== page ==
For Immediate Release Contact: Press Office Friday, October 24, 2008 703-650-5550
The McCain-Palin Commitment To Children With Special Needs "To the families of special-needs children all across this country, I have a message: For years, you sought to make America a more welcoming place for your sons and daughters. I pledge to you that if we are elected, you will have a friend and advocate in the White House." -- Governor Sarah Palin, 9/4/08
Today, Governor Sarah Palin Outlined The McCain-Palin Commitment To Children With Special Needs. John McCain and Sarah Palin believe we must continue to challenge our education system to expand access to students with disabilities and provide them with a meaningful and high-quality education. Only 52 percent of students with disabilities graduate with a regular high school diploma, and 33 percent of students with disabilities drop out of the education system entirely. John McCain and Sarah Palin believe we can, and must, do better. A McCain-Palin Administration will do better, with a Vice President who understands the issue first-hand working to implement these major reforms.
The McCain-Palin Commitment: More Choice
· Allow Parents Of Students With Disabilities To Choose The Best School For Their Child. Parents should be able to send their child, especially a child with a disability, to a school of their choice so that they can get the best education possible. Using the Florida McKay scholarship as a model starting point, the McCain Administration will allow states to develop programs that allow parents to choose public or private schools, with federal funding following the child. The McCain-Palin team will also expect states to hold these schools accountable for their results. This proposal carries no cost beyond IDEA funding. States should be allowed to develop these programs with their federal IDEA funds and state and local funds.
· Make Explicit That Federal Funds Are Fully Portable. John McCain and Sarah Palin believe parents of students with disabilities should be allowed to use federal funds at any qualified school of their choice, public or private, religious or secular without forcing them into an administrative process. Currently, the district or the specific school can make such a recommendation. This initiative will allow the parents to make the choice and recommendations themselves. The McCain administration will work to make this a reality.
The McCain-Palin Commitment: Fully Fund The Individuals With Disabilities Education Act (IDEA)
· The McCain Administration Will Fully Fund The IDEA. Special Education has been a federal issue since 1975, when President Ford signed the law now known as the Individuals with Disabilities Education Act -- IDEA. While IDEA has been improved and strengthened over the years, its primary funding commitment has never been met.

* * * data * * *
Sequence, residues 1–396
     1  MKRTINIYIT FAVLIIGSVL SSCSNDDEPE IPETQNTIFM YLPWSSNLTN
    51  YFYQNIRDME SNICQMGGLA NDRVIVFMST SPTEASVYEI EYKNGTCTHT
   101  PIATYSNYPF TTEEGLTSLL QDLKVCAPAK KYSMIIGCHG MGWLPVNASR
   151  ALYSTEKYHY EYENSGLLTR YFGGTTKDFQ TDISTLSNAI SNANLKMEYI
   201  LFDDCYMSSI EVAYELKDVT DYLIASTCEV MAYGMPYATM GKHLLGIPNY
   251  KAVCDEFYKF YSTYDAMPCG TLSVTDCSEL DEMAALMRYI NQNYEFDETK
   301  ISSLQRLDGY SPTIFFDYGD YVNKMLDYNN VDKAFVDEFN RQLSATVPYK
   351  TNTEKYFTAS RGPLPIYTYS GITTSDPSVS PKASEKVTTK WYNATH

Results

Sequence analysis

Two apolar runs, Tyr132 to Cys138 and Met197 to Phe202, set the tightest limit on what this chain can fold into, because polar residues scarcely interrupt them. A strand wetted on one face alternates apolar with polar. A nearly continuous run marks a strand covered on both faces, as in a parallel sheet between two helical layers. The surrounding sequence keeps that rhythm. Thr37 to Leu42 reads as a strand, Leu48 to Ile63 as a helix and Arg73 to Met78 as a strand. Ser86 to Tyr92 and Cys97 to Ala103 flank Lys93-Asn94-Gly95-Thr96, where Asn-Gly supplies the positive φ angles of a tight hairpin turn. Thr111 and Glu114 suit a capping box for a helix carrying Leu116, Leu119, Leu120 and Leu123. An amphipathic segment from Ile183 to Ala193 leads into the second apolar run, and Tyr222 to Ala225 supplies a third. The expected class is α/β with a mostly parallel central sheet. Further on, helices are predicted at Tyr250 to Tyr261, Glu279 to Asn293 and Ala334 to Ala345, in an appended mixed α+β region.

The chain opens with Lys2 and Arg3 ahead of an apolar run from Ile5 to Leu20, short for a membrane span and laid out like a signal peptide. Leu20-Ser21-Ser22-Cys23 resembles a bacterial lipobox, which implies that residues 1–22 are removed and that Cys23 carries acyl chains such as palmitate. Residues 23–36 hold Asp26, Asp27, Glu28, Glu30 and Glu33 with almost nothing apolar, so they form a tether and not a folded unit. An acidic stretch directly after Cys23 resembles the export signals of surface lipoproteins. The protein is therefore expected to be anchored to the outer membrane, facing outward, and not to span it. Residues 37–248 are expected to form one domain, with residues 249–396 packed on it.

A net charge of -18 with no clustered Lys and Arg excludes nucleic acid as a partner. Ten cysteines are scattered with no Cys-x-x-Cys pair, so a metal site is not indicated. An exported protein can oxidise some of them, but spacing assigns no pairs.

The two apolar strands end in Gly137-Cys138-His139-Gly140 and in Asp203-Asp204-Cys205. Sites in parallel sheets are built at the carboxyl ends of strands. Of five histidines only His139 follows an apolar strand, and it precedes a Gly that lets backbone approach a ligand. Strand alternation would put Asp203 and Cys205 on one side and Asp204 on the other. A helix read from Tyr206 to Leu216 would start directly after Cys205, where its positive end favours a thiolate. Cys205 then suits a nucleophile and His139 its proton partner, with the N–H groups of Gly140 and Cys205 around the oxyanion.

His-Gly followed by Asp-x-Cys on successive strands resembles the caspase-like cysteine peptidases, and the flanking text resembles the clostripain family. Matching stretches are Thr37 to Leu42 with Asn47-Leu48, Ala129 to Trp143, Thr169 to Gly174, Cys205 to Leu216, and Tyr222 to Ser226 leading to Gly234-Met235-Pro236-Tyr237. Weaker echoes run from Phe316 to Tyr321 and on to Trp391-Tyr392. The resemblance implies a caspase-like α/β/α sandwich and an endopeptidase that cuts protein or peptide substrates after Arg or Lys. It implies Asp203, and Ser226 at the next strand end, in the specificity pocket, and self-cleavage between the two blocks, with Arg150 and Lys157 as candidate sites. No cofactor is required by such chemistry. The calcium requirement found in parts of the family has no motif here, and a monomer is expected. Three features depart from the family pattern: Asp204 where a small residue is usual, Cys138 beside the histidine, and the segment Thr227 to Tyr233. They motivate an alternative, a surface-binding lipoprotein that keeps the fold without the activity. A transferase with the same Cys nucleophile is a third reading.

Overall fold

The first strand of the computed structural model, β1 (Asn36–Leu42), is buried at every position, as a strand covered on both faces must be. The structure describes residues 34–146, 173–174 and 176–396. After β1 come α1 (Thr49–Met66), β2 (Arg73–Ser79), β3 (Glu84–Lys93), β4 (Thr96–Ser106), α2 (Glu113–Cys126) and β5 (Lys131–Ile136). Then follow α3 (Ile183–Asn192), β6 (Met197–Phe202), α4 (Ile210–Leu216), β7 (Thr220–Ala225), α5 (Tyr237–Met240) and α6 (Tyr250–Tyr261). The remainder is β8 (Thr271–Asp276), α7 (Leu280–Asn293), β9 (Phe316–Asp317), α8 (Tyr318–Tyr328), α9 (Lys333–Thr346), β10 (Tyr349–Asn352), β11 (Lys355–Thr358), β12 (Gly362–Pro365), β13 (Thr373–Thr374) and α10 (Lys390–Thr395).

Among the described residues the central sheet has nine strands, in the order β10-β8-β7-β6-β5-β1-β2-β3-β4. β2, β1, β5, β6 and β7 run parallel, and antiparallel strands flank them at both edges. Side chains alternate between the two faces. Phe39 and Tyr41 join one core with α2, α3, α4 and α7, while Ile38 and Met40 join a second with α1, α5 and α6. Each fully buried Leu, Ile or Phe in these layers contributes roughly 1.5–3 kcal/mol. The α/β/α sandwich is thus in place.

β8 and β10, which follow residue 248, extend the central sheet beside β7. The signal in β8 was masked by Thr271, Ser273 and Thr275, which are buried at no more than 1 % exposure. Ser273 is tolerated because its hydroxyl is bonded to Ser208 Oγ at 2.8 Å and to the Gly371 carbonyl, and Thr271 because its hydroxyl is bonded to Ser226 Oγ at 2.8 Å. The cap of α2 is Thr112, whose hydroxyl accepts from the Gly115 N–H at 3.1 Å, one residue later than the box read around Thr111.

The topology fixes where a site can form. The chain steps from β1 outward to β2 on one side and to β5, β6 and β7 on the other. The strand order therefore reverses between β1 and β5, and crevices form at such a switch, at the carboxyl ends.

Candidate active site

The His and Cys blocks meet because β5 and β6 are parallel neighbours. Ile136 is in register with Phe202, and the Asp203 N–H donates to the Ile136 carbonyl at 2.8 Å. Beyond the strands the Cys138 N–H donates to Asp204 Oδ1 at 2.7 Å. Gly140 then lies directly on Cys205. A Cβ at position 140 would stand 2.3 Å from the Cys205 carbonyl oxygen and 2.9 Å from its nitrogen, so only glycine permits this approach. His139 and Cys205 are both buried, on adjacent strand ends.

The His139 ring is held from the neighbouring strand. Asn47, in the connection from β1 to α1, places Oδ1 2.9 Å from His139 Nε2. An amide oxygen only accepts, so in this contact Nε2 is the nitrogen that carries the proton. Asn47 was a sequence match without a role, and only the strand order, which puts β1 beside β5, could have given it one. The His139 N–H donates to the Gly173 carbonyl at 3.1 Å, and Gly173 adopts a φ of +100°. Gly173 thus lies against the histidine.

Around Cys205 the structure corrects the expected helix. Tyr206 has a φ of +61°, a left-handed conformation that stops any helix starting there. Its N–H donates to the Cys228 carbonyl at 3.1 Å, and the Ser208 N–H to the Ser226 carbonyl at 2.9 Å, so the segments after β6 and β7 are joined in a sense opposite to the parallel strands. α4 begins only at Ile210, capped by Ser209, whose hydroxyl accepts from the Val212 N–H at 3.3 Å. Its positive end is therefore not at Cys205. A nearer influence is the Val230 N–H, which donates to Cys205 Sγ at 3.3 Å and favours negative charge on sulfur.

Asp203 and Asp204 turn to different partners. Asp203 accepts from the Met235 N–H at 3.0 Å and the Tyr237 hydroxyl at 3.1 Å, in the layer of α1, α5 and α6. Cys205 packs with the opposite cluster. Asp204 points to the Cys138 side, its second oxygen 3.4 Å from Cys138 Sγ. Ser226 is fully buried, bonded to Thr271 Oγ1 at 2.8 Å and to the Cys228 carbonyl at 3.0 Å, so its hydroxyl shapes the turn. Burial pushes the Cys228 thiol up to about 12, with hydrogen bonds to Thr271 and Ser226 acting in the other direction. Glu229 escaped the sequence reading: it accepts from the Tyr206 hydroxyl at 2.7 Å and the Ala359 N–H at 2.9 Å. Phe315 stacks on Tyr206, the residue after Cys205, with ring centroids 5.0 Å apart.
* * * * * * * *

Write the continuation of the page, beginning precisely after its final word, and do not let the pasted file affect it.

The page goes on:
· Full Federal Funding Of IDEA Is Estimated At $26 Billion Annually Compared To The Current Level Of $10.9 Billion. Using a phased-in increase of $3 billion annually in order to reach the full funding in five years will cost an additional $45 billion over five years. Full funding for IDEA means the federal government would pay 40 percent of the costs of the K-12 special education program.
The McCain-Palin Commitment: Reform And Refocus
· Provide Information And Assistance To Families Of Infants And Toddlers With Special Needs And Up-To-Date Information For Medical Professionals. The Parent Training and Information (PTI) Centers and Community Parent Information Centers (CPRCs) provide needed information and assistance. Unfortunately, to date, their focus has been parents of school age children; the McCain Administration will refocus IDEA so that the Centers must expand to parents with children ages 0-3. In addition, the McCain Administration will call for the Centers to provide access to better information for medical professionals about improvements in resources and the availability of assistance. In turn, these medical professionals will be able to provide better information to parents. This can be done with no additional cost beyond IDEA funding as it merely refocuses existing funding.
· Increase Funding For States To Improve Services To Families With Infants And Toddlers. Almost 80 percent of families with special needs children from birth through three years old serve their children at home under the IDEA program. Parents and families will benefit from improved programs and resources to maximize their child's potential in the early years under a McCain Administration. Currently, this part of IDEA is minimally funded. · Improve Services To Students With Disabilities In High Schools And Community Colleges. The McCain Administration will modernize the Vocational Rehabilitation Act to improve services to students with disabilities in high schools and community colleges. Require states to demonstrate proven outcomes for students with disabilities that lead to gainful employment when they graduate. When the Vocational Rehabilitation Act is modernized, funding should be refocused to incentivize proven outcomes for students with disabilities